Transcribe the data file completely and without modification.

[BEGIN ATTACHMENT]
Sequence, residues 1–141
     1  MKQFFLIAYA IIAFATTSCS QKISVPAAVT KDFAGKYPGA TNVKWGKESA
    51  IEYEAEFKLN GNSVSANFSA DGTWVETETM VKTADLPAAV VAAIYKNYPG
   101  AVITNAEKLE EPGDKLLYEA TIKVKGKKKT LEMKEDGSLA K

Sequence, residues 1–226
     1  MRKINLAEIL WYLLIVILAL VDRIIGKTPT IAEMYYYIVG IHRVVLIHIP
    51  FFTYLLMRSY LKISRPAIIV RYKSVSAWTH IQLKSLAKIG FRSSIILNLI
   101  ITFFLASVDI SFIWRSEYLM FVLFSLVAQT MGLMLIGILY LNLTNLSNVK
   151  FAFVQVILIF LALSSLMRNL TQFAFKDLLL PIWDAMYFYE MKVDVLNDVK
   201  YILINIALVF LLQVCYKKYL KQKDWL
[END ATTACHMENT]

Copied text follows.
Sequence, residues 1–141
     1  MKQFFLIAYA IIAFATTSCS QKISVPAAVT KDFAGKYPGA TNVKWGKESA
    51  IEYEAEFKLN GNSVSANFSA DGTWVETETM VKTADLPAAV VAAIYKNYPG
   101  AVITNAEKLE EPGDKLLYEA TIKVKGKKKT LEMKEDGSLA K

Sequence, residues 1–226
     1  MRKINLAEIL WYLLIVILAL VDRIIGKTPT IAEMYYYIVG IHRVVLIHIP
    51  FFTYLLMRSY LKISRPAIIV RYKSVSAWTH IQLKSLAKIG FRSSIILNLI
   101  ITFFLASVDI SFIWRSEYLM FVLFSLVAQT MGLMLIGILY LNLTNLSNVK
   151  FAFVQVILIF LALSSLMRNL TQFAFKDLLL PIWDAMYFYE MKVDVLNDVK
   201  YILINIALVF LLQVCYKKYL KQKDWL